The United States has the highest coronavirus death toll in the world.
It didn’t have to be this way – and in most developed countries, it isn’t. Countries like Germany, Singapore, Australia and Japan have fractions of our death rate.
If our response had been as effective as Germany’s, we would have had only 36,000 COVID-19 deaths by mid-June in the United States, instead of 117,000. If our response had been as effective as South Korea, Australia or Singapore’s, fewer than 2,000 Americans would have died by then. We could have prevented 99% of those COVID-19 deaths. But we didn’t. The number of coronavirus-related American deaths has now passed 165,000.
How did this happen?
In the spring, we shut down our lives and our economy in hopes of reducing the spread of COVID-19 enough to be able to manage it through widespread testing and contact tracing. In spite of that shutdown, today the virus is raging virtually uncontrolled. California recently declared defeat on the whole concept of contact tracing, because there are too many cases to trace. Other states are quite obviously in the same situation.
Was shutting down the wrong approach?
Clearly not. It worked in other countries. So what went wrong here?
We didn’t stick with it until the job was done.
Given our current situation, a shutdown that succeeds in suppressing the spread of the coronavirus is both the best way to save lives and the fastest way to start moving safely back toward social life.
But a shutdown is only effective if it lasts long enough and is comprehensive enough to interrupt transmission of the virus. An effective shutdown reduces the total number of infected people to the point where cases are rare enough to monitor and contain. Then, robust testing and contact tracing are critical to containing isolated outbreaks before they explode.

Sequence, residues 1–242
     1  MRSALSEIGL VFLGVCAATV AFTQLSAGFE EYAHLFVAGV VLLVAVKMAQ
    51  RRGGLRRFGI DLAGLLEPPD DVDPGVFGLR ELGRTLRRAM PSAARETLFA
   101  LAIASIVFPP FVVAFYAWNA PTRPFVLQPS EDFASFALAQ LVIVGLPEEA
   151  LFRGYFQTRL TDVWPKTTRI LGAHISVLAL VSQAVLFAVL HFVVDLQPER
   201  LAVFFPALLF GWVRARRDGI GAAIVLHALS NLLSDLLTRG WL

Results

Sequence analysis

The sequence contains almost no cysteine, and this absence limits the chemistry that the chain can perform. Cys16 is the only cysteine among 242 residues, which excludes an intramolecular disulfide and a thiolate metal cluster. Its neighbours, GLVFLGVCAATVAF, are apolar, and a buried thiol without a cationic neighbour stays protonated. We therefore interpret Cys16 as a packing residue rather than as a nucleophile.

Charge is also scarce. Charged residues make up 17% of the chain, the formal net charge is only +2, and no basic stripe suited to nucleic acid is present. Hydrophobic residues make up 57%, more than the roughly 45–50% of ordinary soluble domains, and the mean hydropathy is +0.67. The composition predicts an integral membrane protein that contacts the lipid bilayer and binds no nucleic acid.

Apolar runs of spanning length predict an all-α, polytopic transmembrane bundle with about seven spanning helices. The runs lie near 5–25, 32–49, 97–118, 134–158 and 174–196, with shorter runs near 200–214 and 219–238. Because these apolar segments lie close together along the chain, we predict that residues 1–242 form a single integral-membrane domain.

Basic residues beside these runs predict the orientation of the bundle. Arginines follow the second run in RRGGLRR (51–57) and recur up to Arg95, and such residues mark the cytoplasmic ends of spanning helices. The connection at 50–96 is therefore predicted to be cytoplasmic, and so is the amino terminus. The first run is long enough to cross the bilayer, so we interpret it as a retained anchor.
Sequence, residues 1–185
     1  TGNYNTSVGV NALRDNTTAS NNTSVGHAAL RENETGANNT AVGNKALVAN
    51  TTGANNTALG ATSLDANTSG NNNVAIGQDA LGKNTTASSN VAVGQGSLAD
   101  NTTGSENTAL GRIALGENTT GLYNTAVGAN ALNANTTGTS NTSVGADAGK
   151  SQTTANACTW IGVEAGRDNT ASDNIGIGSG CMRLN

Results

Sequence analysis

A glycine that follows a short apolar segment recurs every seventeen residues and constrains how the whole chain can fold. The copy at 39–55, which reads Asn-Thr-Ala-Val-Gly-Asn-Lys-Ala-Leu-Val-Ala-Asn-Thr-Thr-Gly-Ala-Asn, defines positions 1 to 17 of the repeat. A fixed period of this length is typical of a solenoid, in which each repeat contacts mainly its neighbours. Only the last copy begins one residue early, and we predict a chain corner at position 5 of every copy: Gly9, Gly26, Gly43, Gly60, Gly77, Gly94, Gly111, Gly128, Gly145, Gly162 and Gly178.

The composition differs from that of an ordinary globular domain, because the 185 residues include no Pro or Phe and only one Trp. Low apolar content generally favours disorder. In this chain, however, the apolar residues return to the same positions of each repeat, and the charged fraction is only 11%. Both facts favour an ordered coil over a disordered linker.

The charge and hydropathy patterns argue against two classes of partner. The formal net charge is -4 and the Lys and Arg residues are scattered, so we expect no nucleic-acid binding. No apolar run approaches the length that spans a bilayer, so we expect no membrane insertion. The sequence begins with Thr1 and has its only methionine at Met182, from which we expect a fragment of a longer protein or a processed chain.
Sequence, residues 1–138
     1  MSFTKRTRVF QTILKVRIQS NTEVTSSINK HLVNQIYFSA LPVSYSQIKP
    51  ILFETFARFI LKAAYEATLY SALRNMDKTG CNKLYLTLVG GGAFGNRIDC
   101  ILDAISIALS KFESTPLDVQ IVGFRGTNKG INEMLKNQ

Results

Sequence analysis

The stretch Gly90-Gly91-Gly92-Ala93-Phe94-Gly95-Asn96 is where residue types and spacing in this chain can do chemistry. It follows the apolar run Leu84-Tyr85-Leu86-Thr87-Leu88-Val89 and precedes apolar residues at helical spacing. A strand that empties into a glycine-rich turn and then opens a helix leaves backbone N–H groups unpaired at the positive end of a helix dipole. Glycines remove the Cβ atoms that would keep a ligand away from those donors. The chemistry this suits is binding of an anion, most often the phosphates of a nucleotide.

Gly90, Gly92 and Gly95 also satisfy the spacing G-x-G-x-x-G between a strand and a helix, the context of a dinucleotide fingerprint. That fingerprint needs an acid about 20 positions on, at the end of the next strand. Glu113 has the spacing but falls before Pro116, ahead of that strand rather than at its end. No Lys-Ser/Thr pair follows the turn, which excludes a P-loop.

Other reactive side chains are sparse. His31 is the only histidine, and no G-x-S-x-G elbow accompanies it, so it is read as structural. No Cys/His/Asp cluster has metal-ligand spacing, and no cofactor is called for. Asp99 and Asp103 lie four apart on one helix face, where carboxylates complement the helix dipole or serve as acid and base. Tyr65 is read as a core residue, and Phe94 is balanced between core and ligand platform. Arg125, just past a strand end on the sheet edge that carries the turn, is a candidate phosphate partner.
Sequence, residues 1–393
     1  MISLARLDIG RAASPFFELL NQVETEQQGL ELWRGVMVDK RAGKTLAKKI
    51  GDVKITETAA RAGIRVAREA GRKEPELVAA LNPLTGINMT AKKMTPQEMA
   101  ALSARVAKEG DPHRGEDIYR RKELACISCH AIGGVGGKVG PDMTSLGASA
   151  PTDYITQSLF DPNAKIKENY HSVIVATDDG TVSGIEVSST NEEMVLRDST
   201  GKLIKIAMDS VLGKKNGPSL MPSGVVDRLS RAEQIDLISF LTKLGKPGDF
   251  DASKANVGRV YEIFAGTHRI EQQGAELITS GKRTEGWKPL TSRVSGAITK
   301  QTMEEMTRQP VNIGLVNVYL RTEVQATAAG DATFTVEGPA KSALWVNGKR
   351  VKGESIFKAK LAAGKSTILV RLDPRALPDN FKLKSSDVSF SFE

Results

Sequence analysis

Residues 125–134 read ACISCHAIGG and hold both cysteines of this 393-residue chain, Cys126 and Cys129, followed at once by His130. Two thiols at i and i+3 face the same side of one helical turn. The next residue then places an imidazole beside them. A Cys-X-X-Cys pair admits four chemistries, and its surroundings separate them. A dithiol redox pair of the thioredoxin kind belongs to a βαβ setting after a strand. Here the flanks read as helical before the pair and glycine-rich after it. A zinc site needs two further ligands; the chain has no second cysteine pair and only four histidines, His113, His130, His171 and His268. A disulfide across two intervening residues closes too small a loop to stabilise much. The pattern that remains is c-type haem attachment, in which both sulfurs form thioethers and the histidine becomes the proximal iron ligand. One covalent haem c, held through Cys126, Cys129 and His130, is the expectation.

Public health experts have identified two key indicators for when it’s safe to lift a shutdown:
- The rate of new daily cases should be less than 1 per 100,000 people in the population.
- Less than 3% of people tested should have a “positive” test result. At that level, we can effectively trace new cases and contain new outbreaks.
That second indicator assumes that we are doing a lot of testing – enough to get a true picture of what is going on. Harvard’s Global Health Institute has said that to squelch the virus, we’d need to process about 4.3 million tests per day – which unfortunately is a staggering goal due to federal inaction to increase our capacity to create, ship, administer and evaluate COVID tests.
Using those key indicators, let’s look at what some individual states actually achieved with their shutdowns.
- California began reopening[i] on May 18th, when it had 4.5 new daily cases per 100,000 people, and 4.06% of people tested were infected (“test positivity rate”).[ii]
- Texas began reopening on May 1st with 3 new daily cases per 100,000 people and 5.7% test positivity.
- Arizona began reopening around May 11th, when it had 4.8 new daily cases per 100,000 people and 7.9% test positivity.
- Florida began reopening May 18th, when it had 2.7 new daily cases per 100,000 people and 4.2% test positivity.
- Colorado began reopening May 27th, when it had 5.2 new daily cases per 100,000 people and 7.6% test positivity.
These charts tell the story:
Director, Public Health Campaigns, PIRG
Matt directs PIRG's public health campaigns, including campaigns to address the growing threat of antibiotic-resistant infections by stopping the overuse of antibiotics in animal agriculture, and to reverse the alarming increase in teen nicotine addiction by banning tobacco products marketed to kids. Matt is an avid outdoorsman and loves to play the drums and harmonica.